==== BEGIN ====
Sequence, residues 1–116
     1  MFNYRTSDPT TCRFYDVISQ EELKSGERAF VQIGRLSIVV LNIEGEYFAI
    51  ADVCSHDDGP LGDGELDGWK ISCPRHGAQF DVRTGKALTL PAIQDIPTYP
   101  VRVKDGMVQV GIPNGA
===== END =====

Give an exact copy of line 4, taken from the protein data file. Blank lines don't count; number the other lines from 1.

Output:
   101  VRVKDGMVQV GIPNGA